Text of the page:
The Cloaking Device

I must have seen Errol Flynn’s The Adventures of Robin Hood 35 or 40 times in my life, including, I think, nine times on the big screen in all its 35mm Technicolor glory. Despite those many viewings, I never realized something that Mary, my practical better half, pointed out when she walked into the room at a particular moment.

The whole point of the plot of the picture is that King Richard is off fighting the crusades and then is taken hostage and held for ransom in the Holy Land, leaving his brother Prince John free to pillage his way through the Saxon England countryside on behalf of the Normans, but mostly for himself.

John’s actions force the Saxon Sir Robin of Locksley to take violent retribution on behalf of his people. But unbeknownst to Prince John, King Richard somehow gets himself freed and sneaks back into England in disguise with, I guess—although it’s never explained—his personal staff or key knights or whatever they are by his side.

What Mary opined when seeing incognito King Richard and his knights sitting around a table at an inn trying to be unobtrusive was, “You’d think they could come up with better disguises than Snuggies in primary colors.” Son of a gun, I realized, she’s right. These aren’t just garden-variety Snuggies; they’re jewel-tone Snuggies that any 21st century couch potato would be proud to sport.

OK fellas, look, do NOT attract attention to yourselves.

I always had a whole other problem that Richard and his boys wore their chain-mail unis under the Snuggies than to stop and think about the colors of the Snuggies themselves. It had to be mighty uncomfortable living in that chain mail (including full head-pieces) and you’d also think the metal made a fair amount of racket for people trying not to attract attention to themselves. With their ears covered in metal, weren’t they going around shouting, “What? WHAT??” But then, every time I watch Robin Hood I’m annoyed that when Richard and his knights whip off their Snuggies to reveal white tunics emblazoned with red crosses, they preen and pose hands on hips to make sure the Saxon rabble are suitably impressed. As in, “Behold! Are we not awesome?!”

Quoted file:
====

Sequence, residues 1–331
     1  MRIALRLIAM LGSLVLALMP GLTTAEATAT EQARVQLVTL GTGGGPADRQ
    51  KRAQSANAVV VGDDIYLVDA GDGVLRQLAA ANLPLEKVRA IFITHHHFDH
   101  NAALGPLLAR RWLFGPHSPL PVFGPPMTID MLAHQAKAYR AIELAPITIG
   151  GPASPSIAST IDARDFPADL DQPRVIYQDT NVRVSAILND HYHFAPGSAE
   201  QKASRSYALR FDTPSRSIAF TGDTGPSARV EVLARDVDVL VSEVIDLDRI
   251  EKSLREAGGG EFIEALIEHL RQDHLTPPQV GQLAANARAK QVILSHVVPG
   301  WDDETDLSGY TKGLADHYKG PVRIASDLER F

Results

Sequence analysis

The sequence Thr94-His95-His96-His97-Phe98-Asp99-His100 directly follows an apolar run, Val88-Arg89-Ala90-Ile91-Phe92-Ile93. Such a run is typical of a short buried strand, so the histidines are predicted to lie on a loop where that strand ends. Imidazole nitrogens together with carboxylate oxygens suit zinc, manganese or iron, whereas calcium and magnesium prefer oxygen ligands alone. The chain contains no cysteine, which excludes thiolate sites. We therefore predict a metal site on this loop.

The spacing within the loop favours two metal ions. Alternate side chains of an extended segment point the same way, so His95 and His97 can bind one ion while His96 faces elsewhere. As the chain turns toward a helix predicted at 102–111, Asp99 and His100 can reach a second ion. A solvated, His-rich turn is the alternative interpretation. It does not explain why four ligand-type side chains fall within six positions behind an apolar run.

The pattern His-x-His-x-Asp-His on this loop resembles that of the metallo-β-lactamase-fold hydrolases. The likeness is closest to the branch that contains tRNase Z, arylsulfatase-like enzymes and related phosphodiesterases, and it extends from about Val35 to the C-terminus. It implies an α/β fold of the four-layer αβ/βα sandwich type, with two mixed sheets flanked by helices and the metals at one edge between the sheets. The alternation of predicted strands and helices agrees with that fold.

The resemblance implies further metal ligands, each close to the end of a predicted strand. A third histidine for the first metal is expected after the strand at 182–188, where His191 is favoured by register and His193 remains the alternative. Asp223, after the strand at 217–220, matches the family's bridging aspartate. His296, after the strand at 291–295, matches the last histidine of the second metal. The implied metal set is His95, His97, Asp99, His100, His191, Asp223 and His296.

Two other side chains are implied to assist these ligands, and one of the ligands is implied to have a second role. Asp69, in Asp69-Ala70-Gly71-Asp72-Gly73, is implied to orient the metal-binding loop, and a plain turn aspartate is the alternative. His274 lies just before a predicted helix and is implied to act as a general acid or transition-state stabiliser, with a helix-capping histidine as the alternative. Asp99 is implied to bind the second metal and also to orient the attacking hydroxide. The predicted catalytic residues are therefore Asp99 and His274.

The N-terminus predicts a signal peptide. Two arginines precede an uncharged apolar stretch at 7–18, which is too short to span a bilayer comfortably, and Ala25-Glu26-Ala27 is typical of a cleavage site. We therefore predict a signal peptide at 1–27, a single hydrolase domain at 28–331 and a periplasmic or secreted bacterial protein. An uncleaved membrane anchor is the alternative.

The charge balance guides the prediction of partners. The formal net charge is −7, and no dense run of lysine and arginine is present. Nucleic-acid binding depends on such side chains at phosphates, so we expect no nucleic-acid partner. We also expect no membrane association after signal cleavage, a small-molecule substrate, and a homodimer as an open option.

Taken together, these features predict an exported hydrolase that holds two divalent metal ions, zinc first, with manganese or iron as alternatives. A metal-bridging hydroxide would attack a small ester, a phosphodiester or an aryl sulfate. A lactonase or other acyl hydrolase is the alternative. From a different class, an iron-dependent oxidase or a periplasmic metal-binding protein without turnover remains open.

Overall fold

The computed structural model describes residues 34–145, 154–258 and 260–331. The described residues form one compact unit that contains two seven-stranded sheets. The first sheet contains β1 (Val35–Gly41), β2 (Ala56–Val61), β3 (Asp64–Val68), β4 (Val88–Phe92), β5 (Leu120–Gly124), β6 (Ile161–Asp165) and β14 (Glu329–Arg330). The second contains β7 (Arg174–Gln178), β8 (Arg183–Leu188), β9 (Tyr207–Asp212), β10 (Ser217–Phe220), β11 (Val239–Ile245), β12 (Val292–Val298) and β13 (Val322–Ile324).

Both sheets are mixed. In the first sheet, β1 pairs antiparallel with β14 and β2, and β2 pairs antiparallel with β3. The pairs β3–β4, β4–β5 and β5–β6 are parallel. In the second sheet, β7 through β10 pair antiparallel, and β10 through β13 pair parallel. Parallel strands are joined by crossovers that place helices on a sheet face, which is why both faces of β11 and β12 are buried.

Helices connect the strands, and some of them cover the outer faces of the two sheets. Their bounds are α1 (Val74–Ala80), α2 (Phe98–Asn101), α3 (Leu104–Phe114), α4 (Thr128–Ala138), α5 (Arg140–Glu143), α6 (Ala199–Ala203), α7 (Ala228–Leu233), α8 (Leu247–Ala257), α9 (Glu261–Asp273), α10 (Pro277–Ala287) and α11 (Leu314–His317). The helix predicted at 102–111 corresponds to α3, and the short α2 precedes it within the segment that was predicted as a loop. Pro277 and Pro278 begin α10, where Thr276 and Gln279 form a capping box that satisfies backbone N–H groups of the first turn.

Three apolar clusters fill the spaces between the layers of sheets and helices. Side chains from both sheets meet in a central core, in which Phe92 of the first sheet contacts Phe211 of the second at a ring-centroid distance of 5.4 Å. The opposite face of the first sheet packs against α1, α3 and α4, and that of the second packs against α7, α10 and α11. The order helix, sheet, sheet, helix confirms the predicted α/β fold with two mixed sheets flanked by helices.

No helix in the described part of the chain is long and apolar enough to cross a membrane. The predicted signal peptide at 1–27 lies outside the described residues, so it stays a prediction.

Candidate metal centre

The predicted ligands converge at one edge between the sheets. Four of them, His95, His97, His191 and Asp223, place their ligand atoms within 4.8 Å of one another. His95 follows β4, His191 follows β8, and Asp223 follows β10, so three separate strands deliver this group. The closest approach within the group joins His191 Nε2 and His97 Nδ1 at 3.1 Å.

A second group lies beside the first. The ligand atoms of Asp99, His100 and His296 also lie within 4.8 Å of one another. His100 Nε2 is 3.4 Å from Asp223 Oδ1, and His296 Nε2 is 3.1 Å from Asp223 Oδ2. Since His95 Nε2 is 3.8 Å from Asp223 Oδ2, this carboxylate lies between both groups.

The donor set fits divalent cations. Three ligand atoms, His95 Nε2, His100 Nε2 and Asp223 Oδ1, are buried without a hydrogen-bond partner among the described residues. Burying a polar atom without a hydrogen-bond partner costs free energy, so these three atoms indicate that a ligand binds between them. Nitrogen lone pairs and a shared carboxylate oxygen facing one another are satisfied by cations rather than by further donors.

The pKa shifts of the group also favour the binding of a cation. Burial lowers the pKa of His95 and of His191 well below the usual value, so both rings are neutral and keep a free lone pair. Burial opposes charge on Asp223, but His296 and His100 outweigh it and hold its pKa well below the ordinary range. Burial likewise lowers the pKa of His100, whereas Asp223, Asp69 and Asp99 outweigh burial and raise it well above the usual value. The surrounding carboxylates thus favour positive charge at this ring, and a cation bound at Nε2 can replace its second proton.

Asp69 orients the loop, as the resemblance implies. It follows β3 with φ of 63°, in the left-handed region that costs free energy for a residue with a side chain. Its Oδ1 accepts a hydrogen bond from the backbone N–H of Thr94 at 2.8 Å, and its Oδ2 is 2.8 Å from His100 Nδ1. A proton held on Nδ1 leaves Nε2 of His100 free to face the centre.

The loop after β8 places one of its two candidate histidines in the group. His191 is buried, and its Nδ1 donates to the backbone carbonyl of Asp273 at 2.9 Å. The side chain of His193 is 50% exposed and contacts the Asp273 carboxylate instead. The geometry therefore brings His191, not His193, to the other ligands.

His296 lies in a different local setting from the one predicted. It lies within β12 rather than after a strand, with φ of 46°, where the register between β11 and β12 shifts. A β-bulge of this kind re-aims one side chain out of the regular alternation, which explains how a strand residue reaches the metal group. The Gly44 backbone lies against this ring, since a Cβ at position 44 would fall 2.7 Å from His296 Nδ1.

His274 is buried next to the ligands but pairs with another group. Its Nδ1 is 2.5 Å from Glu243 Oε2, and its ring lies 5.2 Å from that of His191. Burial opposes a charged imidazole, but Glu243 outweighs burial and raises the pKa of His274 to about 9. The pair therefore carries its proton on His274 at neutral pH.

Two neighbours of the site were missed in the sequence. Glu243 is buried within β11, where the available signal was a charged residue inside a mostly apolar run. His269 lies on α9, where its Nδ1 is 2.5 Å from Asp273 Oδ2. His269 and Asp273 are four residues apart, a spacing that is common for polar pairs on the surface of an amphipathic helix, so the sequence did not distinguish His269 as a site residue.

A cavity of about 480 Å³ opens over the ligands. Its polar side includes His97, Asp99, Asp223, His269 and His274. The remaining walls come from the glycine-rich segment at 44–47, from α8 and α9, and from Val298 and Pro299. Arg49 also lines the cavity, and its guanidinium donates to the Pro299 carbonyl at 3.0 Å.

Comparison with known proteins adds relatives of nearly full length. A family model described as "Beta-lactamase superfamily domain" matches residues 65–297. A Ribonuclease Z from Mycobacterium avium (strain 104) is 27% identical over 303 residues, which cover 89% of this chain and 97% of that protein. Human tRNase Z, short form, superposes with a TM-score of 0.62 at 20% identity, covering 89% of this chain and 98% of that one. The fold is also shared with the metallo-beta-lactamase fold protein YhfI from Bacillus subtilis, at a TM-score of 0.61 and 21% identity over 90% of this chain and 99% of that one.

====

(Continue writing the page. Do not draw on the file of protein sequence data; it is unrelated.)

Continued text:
In case you need any last-minute gift ideas this holiday season, why not dress your significant other like Ian Hunter’s King Richard the Lion-Heart in a jewel-tone Snuggie? Better yet, save the idea for next Halloween when your entire family can trick-or-treat as Richard and his entourage. On November 1, your Halloween costume automatically converts back into fashionable loungewear, if not a subtle disguise.


  1. A significant part of the Robin Hood narrative is Richard’s ransom. As for entering the country unannounced, reminds me to something going on in the United States since the Truman administration. Should have been even easier then than it is now.

    1. I just can’t remember, Barry, if it’s ever explained how Richard got sprung. I guess the “how” isn’t important; the important thing is he’s here at plot point 2 and pushes the story toward its conclusion.

  2. Hi, Robert! Your comments about the royal snuggies made me laugh, and I sorely needed that today. Thank you for that. I really hadn’t noticed the snuggies either until you just wrote about it, so your wife is very observant.

    As many times as I’ve seen this movie, you’d think I’d have noticed, but no…

    Merry Christmas and happy holidays to you and your family!

  3. Well, Robert, how about the way Robin treats the poor folk in the film? You know, as his men are feasting on wine and deer legs at their banquet in Sherwood Forest he takes Maid Marian on a quick tour to show her how well he treats the common poor people. They smile sheepishly at him. “Bless you, Robin Hood,” one of them says with an appreciative look. “You’re welcome, mother,” he replies or words to that effect.

    But I always thought if this Robin Hood is such a good guy why doesn’t he invite the poor he “cares” so much about to the feast with Friar Tuck, Little John and the all the others who are having a great, boisterous time? Instead they’re tucked away in a dark, quiet part of the forest apparently so grateful that he gives them a quick visit and doesn’t beat them, unlike the Normans.

    I know that Marian is duly impressed by the Sherwood Forest bandit in this sequence (it’s the turning point in her relationship with him) but I always thought, “Ah, come on, Robin, can’t you do better than that?”

    Well, something to think about, Robert, as I wish you Merry Christmas and Happy New Year.

    1. You’re right, Tom! It’s so funny how we consume these old pictures, like a train ride over familiar tracks, and it takes someone with a different perspective to point out what you’re missing. I always thought that sequence in the “dark forest” was odd but that’s the reason: He’s got these people sequestered like the dorky kids that are all herded into a group by the frat brothers in Animal House. I guess even the Saxons had a class system. Thanks for the seasons greetings, Tom. I’ve missed hearing from you. Merry Christmas and a very happy 2019!

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